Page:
Standardization across the board

Senior Airman Eric Contreras, 86th Communications Squadron systems acquisitions technician, connects wires to new computers for imaging on Ramstein Air Base, Germany, Aug. 3, 2017. The National Security Agency has directed all of the Department of Defense to make the transition to Microsoft Windows 10. The NSA directive puts all branches of the military on the same operating system for the first time ever. (U.S. Air Force photo by Airman 1st Class Savannah L. Waters)

Senior Airman Eric Contreras, 86th Communications Squadron systems acquisitions technician, connects wires to new computers for imaging on Ramstein Air Base, Germany, Aug. 3, 2017. The National Security Agency has directed all of the Department of Defense to make the transition to Microsoft Windows 10. The NSA directive puts all branches of the military on the same operating system for the first time ever. (U.S. Air Force photo by Airman 1st Class Savannah L. Waters)

Senior Airman Eric Contreras, right, and Airman 1st Class Laura Carlson, 86th Communications Squadron systems acquisitions technicians, connect computers to the network for imaging on Ramstein Air Base, Germany, Aug. 3, 2017. Having the latest and greatest technology at their fingertips, service-members have the assurance of a more secure machine and communication with the recent Microsoft Windows 10 update. (U.S. Air Force photo by Airman 1st Class Savannah L. Waters)

Senior Airman Eric Contreras, right, and Airman 1st Class Laura Carlson, 86th Communications Squadron systems acquisitions technicians, connect computers to the network for imaging on Ramstein Air Base, Germany, Aug. 3, 2017. Having the latest and greatest technology at their fingertips, service members have the assurance of a more secure machine and communication with the recent Microsoft Windows 10 update. (U.S. Air Force photo by Airman 1st Class Savannah L. Waters)

RAMSTEIN AIR BASE, Germany --

Every day the U.S. Air Force rallies in defense against enemy forces wishing to inflict harm, whether it’s through physical harm or via cyberattacks. As the advancement of technology expands, cyber security is more important than ever.

The National Security Agency has directed all of the Department of Defense to make the transition to Microsoft Windows 10. The NSA directive puts all branches of the military on the same operating system for the first time ever.

“The Air Force and DOD are always moving forward in cyber security…to protect us against cyberattacks and provide a better and more protected network,” said Staff Sgt. Christian Valdivia, 86th Communications Squadron systems acquisitions supervisor.

Keeping up with the civilian enterprise has its challenges as the military fights for optimum security and for smooth communications between departments to de-conflict software issues.

“In the past, we couldn’t put Air Force on Army equipment down-range or vice versa due to software conflict,” Valdivia said. “The only solution then was reimaging the computer and wiping them completely, but with Windows 10, we won’t have to do that,” Valdivia said.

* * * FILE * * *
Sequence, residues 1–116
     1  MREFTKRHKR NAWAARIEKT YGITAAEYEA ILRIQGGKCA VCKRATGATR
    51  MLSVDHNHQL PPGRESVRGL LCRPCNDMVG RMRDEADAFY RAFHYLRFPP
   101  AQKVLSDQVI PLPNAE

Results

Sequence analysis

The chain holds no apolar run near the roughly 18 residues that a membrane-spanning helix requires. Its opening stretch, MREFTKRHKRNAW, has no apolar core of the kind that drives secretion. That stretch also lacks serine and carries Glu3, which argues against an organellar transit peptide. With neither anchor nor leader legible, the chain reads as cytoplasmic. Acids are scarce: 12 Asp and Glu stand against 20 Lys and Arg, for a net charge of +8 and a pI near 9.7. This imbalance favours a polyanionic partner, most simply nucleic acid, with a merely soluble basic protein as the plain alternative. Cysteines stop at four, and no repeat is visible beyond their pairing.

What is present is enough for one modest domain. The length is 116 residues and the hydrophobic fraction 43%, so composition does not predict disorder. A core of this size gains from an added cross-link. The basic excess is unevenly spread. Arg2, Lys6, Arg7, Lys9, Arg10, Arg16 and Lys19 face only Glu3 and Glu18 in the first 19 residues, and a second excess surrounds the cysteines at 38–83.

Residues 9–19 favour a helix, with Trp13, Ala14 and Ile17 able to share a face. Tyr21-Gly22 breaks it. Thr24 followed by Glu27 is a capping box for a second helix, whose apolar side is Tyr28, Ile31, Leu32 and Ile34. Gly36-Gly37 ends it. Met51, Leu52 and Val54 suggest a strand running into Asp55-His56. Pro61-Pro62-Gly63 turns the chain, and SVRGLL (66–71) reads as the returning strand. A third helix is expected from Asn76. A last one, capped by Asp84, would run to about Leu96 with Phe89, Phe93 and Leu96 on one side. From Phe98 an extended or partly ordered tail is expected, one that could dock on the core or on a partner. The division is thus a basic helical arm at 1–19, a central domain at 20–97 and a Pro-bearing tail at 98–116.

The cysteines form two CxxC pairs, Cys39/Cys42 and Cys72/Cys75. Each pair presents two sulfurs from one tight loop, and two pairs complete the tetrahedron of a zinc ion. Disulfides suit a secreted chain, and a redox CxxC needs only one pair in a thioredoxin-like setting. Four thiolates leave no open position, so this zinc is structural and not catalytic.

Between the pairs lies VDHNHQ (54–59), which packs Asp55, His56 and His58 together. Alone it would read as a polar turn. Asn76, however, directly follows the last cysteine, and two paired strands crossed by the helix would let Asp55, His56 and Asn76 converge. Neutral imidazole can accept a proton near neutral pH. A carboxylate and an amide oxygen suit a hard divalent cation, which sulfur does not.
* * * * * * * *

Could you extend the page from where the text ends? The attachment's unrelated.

The 86th CS supports more than 24,000 network devices in the Client Systems Center, and they have a March 2018 deadline to ensure every computer in U.S. Air Forces in Europe migrates to Windows 10.

The 86th CS is capable of imaging 50 personal computers per day, and has distributed approximately 250 each week since they started in May.

“We are taking a phased approach,” said Tech Sgt. Ross Kosakowski, 86th CS systems acquisitions noncommissioned officer in charge. “We have machines that are capable of taking the new operating system remotely, but the first phase is taking care of the computers that aren’t compatible with it.”

To replace computers that can’t support the new software, USAFE purchased more than 3,000 computers, with the 86th CS expecting approximately 7,500 more to complete the mission.

As part of the first phase, the 86th CS adds the new computers to their inventory tracking system, then moves them to standard desktop configuration to be reimaged.

“We are taking that equipment and putting it on the network, making sure it has all the security updates to remove vulnerabilities and bring it up to compliance,” Kosakowski said.

Out with the old and in with the new, the 86th CS gives unit customers 30 days to bring in their old computers to ensure they are no longer connected to the network, as they are not compliant with new security standards and become vulnerable to viruses.

For customers who have compatible computers, the 86th CS will execute a network patch that will go out electronically once the first phase is complete.

“It’s the customer’s responsibility to frequently back up their computers,” Kosakowski said. “This is especially critical for the protection of documents and other important files during the Windows 10 installation.”

Having the latest and greatest technology at their fingertips, service members have the assurance of a more secure machine and communications with sister services without any compatibility issues.

Supporting the Kaiserslautern Military Community and deployment of Windows 10 to surrounding bases, Ramstein leads the charge in USAFE towards a more secure operating system and standardization across the board.